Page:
(A–B) Schematic representation of T cells forming an immunological synapse upon target recognition. In vivo, T cells recognize an antigen-presenting cell (APC) via the T cell receptor (CD3)-complex which triggers T cell activation. Upon activation, several organelles including lysosomes are transported to the centrosome by dynein. Simultaneously, the centrosome and its associated organelle cluster polarize to the synapse through MT pulling by membrane-anchored dynein at the synapse. (B) To achieve spatiotemporal control on T cell activation, we used anti-CD3-coated glass surfaces to mimic the APC and induce T cell activation and centrosome polarization. (C) Western blot analysis of the indicated Jurkat knockout (KO) cell lines with indicated antibodies. KIF21B-KO clone #1 and #2 were transduced with a KIF21B-GFP construct to generate two polyclonal cell lines re-expressing full-length KIF21B. (D) Phalloidin staining to show F-actin structures in indicated Jurkat T cell lines. Cells were added to poly-D-lysine-coated coverslips with immobilized anti-CD3, fixed after 10 min incubation and imaged on a widefield microscope. (E) Quantification of synapse size expressed as surface area based on a F-actin staining of indicated Jurkat T cells. n = 134, 218, 241, 185 and 194 cells from three independent experiments. **p=0.0098, ***p<0.001, ns = not significant (Mann-Whitney U test). (F) Immunostaining of Jurkat T cells showing two examples of MT organization at the immunological synapse. Cells were added to poly-D-lysine-coated coverslips with immobilized anti-CD3 and fixed 10 min after incubation. Cells were stained for α-tubulin and CEP135 and were imaged on a TIRF microscope. (G) Quantification of MT organization at immunological synapses. Cells were scored per condition either as ‘radial’ or ‘disorganized’ depending their MT organization as shown in E. n = 4, 4, 4, 3 and 3 experiments. In total, 373, 389, 306, 367, and 354 cells were quantified per condition. From left to right: **p=0.0023, **p=0.0099, ns = not significant (t test). (H) Confocal images of a non-activated Jurkat T cell on a poly-D-lysine-coated coverslip (without anti-CD3) stained for Lamtor4, F-actin and DAPI. Single Z-plane images (upper panels) show the bottom part of the cell. The position of the single Z-plane images is indicated in the average intensity z-projection (bottom panels) with a dashed line (orange) labeled with ‘b’ (bottom z-plane). (I) Confocal images of indicated Jurkat T cells. Cells were added to poly-D-lysine-coated coverslips with immobilized anti-CD3 and fixed 10 min after incubation. Cells were stained for Lamtor4, F-actin, and DAPI. In addition, the anti-CD3 antibody with which the coverslip was coated was also stained with a Alexa-dye-conjugated secondary antibody. Single Z-plane images (upper panels) show the top part of the cell and the bottom synapse part (indicated in orange). Dashed lines (white) indicated the area of the average intensity Z-projections shown in the bottom panels. The position of the single Z-plane images shown in the upper panels is indicated with dashed lines (orange) labeled with ‘t’ (top z-plane) and ‘b’ (bottom z-plane, synapse). (J–K) Quantification of lysosome positioning relative to the synapse-coverslip interface in indicated conditions. The z-positions of lysosome clusters were analyzed by identifying the peak Lamtor4 fluorescence intensity per cell analyzed from an average intensity side-projection of the cell. Cumulative frequency distribution (J) shows the percentage of cells with fully polarized Lamtor4 clusters. A 2 μm threshold was used to distinguish successful (green area) from failed (red area) Lamtor4 cluster polarization events. Dot plot (K) shows all individual cells quantified in (J). n = 318, 284, 244, 216, and 281 cells from four independent experiments. ***p<0.001, ns = not significant (Mann-Whitney U test).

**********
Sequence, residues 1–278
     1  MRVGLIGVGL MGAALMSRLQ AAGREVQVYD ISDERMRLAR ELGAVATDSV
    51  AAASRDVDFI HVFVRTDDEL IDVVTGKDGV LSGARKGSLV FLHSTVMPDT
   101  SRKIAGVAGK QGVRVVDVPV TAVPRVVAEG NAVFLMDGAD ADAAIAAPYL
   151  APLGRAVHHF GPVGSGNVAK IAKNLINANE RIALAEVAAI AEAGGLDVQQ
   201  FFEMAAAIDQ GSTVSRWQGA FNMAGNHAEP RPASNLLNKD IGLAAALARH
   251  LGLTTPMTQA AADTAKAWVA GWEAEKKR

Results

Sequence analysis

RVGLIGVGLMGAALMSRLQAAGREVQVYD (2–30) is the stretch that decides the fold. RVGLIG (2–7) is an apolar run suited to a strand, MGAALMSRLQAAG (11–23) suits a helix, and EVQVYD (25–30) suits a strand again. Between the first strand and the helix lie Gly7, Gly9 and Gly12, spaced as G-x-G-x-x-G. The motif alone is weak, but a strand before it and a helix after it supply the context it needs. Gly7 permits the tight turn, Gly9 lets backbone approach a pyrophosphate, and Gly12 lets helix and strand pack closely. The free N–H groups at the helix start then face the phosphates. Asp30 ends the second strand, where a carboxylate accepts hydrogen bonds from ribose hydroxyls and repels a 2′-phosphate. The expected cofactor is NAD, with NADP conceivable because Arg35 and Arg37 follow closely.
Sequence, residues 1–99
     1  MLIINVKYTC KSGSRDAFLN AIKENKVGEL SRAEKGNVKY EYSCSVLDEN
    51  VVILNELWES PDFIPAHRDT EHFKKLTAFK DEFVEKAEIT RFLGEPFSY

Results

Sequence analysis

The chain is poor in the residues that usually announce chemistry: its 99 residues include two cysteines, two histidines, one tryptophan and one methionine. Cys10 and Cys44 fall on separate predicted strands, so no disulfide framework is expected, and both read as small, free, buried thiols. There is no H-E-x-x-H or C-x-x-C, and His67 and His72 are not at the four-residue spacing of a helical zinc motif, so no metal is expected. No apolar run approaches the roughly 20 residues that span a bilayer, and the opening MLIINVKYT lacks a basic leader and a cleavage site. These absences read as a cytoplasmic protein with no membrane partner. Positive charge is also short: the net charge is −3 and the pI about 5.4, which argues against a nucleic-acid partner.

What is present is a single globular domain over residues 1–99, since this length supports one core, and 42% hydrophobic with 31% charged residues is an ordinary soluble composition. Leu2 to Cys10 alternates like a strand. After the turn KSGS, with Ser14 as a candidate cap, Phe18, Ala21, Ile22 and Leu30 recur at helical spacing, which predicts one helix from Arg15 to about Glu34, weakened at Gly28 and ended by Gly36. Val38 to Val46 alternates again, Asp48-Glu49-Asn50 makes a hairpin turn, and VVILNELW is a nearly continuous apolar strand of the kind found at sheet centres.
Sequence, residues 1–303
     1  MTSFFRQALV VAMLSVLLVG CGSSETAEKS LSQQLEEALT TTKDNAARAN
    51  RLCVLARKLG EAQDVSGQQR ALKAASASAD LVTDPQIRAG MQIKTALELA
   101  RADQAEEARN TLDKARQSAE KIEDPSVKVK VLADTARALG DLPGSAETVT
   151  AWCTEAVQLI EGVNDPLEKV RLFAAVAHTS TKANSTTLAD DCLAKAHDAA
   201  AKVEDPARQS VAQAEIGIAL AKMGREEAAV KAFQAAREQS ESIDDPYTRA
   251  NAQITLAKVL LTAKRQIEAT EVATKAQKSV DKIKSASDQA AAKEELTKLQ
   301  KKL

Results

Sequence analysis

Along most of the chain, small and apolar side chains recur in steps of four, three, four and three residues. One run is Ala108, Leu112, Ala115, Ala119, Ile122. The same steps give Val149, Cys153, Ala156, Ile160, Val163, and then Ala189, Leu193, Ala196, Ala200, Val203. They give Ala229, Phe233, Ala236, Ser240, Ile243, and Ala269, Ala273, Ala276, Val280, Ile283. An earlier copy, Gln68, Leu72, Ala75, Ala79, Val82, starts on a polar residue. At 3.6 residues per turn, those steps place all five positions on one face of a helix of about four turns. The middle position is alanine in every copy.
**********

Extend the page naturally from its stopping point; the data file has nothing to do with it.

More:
Figure 1—source data 1